Here’s Every Type of Pepper You Need to Know

Pick the wrong pepper and you could be in for a spicy surprise. Discover which types of peppers work best in which dishes—and avoid accidentally setting your mouth on fire!

There are thousands of different types of peppers, so how do you choose the right one? To make it even more confusing, one pepper variety may have one name when it’s fresh and another when it’s dried. For example, that fresh poblano in your queso fundido is the same pepper as the dried ancho in your chicken mole.

As for heat, you certainly can’t substitute a Scotch Bonnet for an Anaheim and expect the same results!

This guide to need-to-know pepper varieties will help you navigate grocery stores and farmers markets so you’ll pick just the right pepper for your dish—whether you’re looking for mild, medium or flaming hot.

guide to peppers_heat graphic_1200x1600Sydney Watson/Taste of Home

What Is a Scoville Heat Unit?

The most important distinction between peppers is heat. That sensation of heat when eating peppers is due to the chemical capsaicin—the more capsaicin, the hotter the pepper. The heat level (spiciness) of food is measured according to the Scoville Heat Unit scale (based on a method devised by Wilbur Scoville back in 1912). On the scale, peppers have a huge swing—sweet bell peppers rate a zero, while the hottest varieties can score over 1,500,000 Scoville units.

Zero to 4,000 is considered mild; 4,000 to 15,000 is medium; 15,000 to 50,000 is hot; much past 50,000 and you may need the fire hose. It might be worth a taste test of different peppers to determine where your heat tolerance lies on the Scoville scale, and then stick to pepper varieties in a range you know you can handle.

Types of Peppers, from Mild to Hot

Bell Peppers

Red, yellow and green Bell Peppers are seen stacked side by side in a farmers market display.Amit Basu Photography/Getty Images

Scoville units: 0
Length: 3-6 in.

Bell peppers have a sweet, mild flavor and are available in green, red, yellow, orange and sometimes purple and brown. Green peppers have a grassier taste. The orange variety is a bit less flavorful than the red. Bell peppers have thick flesh, are crunchy and juicy, and are often eaten raw, sauteed, roasted or stuffed. Here’s a tip: Look at the bottom of the bell pepper and count the lobes. If it has four lobes it’s a female pepper, which produces more seeds and is sweeter than a male pepper, making it a good choice for crudites or chopping into salads. Three lobes, and it’s a male—a great choice for roasting and making stuffed peppers.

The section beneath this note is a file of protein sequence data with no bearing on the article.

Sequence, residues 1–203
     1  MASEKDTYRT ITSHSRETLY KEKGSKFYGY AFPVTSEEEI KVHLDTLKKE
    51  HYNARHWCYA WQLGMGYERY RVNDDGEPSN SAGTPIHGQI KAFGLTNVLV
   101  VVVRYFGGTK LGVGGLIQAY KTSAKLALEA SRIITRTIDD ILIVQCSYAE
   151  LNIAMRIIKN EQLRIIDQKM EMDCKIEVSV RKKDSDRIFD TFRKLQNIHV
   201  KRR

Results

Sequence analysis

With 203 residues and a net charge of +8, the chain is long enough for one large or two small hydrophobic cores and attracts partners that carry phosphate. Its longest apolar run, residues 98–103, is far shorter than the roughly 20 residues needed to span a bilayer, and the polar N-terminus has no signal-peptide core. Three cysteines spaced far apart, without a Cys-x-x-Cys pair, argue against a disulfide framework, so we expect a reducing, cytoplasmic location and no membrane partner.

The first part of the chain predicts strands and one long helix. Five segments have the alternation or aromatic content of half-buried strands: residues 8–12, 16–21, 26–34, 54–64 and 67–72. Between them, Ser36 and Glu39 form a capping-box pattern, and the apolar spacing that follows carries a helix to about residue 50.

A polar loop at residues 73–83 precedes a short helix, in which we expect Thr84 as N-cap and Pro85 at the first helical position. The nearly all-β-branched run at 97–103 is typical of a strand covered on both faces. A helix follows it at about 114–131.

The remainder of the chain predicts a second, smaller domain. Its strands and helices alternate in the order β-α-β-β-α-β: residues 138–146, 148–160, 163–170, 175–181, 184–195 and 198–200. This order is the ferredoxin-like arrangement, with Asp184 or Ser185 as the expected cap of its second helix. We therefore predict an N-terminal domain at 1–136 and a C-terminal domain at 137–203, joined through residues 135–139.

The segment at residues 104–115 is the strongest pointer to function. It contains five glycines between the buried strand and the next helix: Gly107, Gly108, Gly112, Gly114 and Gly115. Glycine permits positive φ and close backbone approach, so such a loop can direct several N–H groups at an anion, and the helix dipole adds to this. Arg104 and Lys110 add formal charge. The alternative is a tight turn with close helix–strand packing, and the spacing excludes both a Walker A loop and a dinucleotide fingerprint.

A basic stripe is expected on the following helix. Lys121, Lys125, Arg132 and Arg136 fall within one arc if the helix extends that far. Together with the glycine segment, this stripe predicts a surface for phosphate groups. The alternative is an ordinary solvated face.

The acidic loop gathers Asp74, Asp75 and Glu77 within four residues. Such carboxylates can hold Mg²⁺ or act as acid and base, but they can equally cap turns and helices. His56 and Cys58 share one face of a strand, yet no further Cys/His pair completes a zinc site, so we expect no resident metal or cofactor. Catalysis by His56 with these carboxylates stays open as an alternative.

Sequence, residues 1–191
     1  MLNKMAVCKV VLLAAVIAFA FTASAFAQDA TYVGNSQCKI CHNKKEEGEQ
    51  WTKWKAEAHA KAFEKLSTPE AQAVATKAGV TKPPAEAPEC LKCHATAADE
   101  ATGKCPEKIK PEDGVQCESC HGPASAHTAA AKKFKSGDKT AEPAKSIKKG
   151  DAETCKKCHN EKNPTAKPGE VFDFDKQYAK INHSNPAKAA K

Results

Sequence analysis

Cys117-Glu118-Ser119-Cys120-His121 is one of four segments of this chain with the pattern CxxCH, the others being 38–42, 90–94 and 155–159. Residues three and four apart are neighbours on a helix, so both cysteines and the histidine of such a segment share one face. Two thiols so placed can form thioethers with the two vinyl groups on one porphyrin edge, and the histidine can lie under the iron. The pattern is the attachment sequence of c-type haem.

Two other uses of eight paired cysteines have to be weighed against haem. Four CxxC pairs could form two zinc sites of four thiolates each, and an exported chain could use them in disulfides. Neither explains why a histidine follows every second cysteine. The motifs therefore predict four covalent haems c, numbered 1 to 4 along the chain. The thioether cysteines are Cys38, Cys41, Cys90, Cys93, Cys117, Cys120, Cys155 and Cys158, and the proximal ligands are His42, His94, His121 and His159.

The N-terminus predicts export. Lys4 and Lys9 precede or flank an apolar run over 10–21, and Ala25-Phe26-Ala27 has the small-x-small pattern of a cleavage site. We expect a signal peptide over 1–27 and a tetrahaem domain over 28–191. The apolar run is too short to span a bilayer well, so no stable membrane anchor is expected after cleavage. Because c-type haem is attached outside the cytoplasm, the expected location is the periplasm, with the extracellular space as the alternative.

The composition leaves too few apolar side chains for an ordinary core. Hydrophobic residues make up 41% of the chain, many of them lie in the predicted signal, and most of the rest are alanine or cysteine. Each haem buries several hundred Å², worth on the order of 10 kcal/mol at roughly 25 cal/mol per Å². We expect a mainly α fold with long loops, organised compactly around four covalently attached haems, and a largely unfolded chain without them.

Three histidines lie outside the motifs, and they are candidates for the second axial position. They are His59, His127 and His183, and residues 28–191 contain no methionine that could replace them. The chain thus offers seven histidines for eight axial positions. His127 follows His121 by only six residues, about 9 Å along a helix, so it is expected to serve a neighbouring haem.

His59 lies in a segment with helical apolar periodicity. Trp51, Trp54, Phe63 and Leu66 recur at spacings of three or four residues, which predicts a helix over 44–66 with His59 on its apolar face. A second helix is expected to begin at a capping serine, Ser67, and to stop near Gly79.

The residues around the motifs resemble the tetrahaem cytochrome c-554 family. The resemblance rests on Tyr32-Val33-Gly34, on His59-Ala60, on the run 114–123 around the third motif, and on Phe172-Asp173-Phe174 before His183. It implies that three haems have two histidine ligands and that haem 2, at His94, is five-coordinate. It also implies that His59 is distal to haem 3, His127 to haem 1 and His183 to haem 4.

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Banana Peppers

Raw Organic Yellow Banana Peppers Ready to Cutbhofack2/Getty Images

Scoville units: 0-500
Length: 2-3 in.

Banana peppers live up to their name in shape and color, although they can change to red or orange as they ripen. Also known as yellow wax pepper, banana peppers have a mild, sweet taste that adds flavor to sandwiches, pizza and Greek salads. Slice one up to use in this recipe for Tex-Mex cheesesteaks. Although they look similar, don’t confuse them with Hungarian wax peppers, which are much hotter.

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Pickled Peppers, PepperonciniLauriPatterson/Getty Images

Scoville units: 0-500
Length: 2-3 in.

Also known as sweet Italian or Tuscan peppers, pepperoncini peppers have a mild taste and heat with just a hint a bitterness. They start out green but ripen to red when mature. Pepperoncini are most often pickled when green and add a lovely tang to pizza, salads and antipasto platters.

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Pimento Peppers

cherry peppers on old black wooden table backgroundS847/Getty Images

Scoville units: 100-500
Length: 3-4 in.

You’re probably most familiar with these peppers stuffed into green olives. Pimento is a large, sweet red pepper similar to a bell but with an extra-thick, juicy wall. That makes them a great dipper for dill vegetable dip. They’re also a wise choice for roasting because the skin comes off more easily than other varieties.

Shishito Peppers

Raw Green Organic Shishito Peppers in a Bowlbhofack2/Getty Images

Scoville units: 100-1,000
Length: 2-4 in.

This pepper is popular in Japan, where it is often fried, drizzled with sesame oil and soy sauce, and eaten as an appetizer. Shishito peppers are thin-walled with a mild, slightly sweet flavor and also make a tasty addition to tempura.

Paprika Peppers

Detail of red chilli peppersOscar Sánchez Photography/Getty Images

Scoville units: 250-1,000
Length: up to 8 in.

This large, cone-shaped pepper originally from Hungary is most often ground and used as powder. The pepper is readily available in grocery stores in powder form with mild heat. Sometimes the peppers are smoked before being ground—smoked paprika has a strong, outdoorsy flavor perfect for dry rubs and barbecue spice. Many cooks like to sprinkle paprika on top of their deviled eggs.